A brief interview with Peter Maresca at CBR caught my interest about his restoration process in relation to working on Titan’s Flash Gordon series.

Flash Gordon unrestored

 

What goes into this process? Take us through having the original art and what’s required as far as taking one page and turning it into a page in the book.

Everyone works a little differently, but I think the basics are the same and what follows is my process. Each page is scanned, in two pieces if necessary, using an A-3 scanner then digitally re-assembled. A rough color-correction is applied to remove much of the yellowing and give a clear picture of the page. Then, the physical defects of the page are repaired; stains from light, mold or water damage, holes or tears from binding, vermin or years of mishandling. Then the colors are fine-tuned with particular attention paid to the “white” backgrounds or colorless portions of the page. Even when new, newsprint was never white, so I like to create a look that will simulate the colors of a new, or slightly aged, newspaper. I never liked the strong contrast, bright colors and white backgrounds of strip reprints of the past. To keep the warmth of the colors found in the original pages, I separately adjust the colored and uncolored portions of the page.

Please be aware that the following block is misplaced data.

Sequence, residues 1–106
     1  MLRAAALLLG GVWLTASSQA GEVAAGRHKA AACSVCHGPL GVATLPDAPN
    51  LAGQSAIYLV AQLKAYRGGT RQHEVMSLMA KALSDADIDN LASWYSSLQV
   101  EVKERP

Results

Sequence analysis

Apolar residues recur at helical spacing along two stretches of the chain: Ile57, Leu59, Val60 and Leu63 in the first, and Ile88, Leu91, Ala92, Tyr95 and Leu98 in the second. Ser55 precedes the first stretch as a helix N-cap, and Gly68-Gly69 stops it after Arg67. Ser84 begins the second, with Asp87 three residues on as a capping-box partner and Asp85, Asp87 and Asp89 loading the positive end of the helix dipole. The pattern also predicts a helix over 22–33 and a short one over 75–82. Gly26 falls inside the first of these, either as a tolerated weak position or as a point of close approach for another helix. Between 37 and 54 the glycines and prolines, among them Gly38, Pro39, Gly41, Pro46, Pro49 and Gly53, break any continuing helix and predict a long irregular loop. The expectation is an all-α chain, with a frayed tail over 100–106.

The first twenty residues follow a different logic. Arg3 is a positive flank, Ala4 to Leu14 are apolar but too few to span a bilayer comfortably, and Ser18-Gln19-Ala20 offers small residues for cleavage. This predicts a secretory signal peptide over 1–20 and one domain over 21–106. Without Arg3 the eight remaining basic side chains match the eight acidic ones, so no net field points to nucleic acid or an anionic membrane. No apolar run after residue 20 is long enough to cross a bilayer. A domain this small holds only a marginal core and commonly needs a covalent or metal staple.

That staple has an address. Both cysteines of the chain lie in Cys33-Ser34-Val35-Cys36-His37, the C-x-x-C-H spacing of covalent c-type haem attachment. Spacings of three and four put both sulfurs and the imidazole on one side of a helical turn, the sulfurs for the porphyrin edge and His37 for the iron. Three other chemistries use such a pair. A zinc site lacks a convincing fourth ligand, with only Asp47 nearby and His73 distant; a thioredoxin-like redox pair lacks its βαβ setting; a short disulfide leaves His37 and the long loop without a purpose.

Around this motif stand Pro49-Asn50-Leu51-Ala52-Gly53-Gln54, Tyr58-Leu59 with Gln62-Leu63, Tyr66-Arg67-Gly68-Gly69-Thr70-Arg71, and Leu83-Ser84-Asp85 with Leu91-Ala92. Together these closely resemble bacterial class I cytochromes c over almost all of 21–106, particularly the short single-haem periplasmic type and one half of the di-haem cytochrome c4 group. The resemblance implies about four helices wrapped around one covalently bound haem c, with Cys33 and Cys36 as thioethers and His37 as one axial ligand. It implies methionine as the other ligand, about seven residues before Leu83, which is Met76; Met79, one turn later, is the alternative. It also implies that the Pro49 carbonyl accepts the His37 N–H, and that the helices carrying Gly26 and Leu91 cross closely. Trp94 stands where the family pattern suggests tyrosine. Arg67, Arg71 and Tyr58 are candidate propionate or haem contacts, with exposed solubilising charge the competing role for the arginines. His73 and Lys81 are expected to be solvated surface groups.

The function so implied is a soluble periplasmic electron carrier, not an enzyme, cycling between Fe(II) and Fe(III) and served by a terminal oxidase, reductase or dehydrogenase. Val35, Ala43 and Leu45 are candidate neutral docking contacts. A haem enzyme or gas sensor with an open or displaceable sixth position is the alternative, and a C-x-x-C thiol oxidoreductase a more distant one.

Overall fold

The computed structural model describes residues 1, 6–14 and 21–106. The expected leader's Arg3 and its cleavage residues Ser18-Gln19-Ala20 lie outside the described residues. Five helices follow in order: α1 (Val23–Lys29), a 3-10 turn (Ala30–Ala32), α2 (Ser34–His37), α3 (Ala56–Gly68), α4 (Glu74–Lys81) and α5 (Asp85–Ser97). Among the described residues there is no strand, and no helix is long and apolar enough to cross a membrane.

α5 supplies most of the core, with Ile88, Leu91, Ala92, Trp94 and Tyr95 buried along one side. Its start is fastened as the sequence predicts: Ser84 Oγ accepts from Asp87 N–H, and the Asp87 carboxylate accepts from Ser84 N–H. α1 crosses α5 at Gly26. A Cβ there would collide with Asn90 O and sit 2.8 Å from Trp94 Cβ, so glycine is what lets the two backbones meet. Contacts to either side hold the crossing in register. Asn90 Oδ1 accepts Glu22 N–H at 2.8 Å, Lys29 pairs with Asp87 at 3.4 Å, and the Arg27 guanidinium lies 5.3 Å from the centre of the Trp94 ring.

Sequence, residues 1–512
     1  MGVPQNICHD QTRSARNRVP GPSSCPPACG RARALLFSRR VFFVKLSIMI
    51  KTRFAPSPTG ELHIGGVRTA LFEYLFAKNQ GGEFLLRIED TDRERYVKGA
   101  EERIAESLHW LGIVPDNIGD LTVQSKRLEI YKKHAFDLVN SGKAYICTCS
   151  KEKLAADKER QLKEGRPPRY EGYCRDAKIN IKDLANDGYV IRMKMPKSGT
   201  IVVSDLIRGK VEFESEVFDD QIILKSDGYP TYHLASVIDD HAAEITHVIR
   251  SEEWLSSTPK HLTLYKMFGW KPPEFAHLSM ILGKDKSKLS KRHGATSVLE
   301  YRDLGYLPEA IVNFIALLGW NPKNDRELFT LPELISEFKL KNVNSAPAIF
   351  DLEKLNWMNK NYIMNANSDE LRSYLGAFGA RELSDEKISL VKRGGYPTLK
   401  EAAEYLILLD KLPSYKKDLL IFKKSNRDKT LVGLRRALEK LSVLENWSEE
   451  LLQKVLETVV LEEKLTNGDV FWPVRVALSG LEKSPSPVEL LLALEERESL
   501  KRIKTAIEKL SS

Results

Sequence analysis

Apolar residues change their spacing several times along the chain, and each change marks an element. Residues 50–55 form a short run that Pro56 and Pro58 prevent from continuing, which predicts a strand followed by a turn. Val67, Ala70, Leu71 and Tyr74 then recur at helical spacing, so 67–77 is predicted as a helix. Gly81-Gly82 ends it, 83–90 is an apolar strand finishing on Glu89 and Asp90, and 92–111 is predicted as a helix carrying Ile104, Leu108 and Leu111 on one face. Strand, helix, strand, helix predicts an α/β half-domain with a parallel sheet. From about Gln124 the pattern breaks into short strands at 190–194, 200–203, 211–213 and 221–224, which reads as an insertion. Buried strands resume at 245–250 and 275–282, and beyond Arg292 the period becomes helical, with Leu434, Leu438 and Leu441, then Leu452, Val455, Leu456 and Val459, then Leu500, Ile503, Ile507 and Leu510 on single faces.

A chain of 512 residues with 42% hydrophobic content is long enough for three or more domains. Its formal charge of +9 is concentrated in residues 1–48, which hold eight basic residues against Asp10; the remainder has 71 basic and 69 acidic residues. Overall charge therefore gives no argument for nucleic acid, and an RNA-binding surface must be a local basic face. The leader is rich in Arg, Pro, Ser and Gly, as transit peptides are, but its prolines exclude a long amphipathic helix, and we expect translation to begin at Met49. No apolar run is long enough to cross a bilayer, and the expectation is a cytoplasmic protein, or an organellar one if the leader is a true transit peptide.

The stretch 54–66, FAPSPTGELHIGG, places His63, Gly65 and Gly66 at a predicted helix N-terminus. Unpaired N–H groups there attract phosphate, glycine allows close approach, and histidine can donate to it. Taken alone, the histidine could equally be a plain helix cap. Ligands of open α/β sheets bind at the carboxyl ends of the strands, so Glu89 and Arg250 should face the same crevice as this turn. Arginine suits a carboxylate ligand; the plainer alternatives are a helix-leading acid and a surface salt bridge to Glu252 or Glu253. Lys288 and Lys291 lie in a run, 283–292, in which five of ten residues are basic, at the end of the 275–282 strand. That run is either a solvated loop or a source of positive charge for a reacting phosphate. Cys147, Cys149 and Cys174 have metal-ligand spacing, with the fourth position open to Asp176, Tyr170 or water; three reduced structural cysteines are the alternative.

Flash Gordon restored

 

From the examples included and his outlined method it appears Maresca usually works with original newspapers and not printer proofs. Take a good look at the top newspaper image and compare it to the bottom cleaned up image. The yellowing colour of the newsprint has been brightened to an off white. The stains have been been removed. The overall image has been brightened, but not significantly. The colours are untouched, other than the overall brightening. They remain matte, subdued. I was most surprised by the lack of touchups on the text, but really it isn’t needed.

It’s a refined process that give the appearance of little editing to the original material while actually doing quite a bit. Very nice indeed.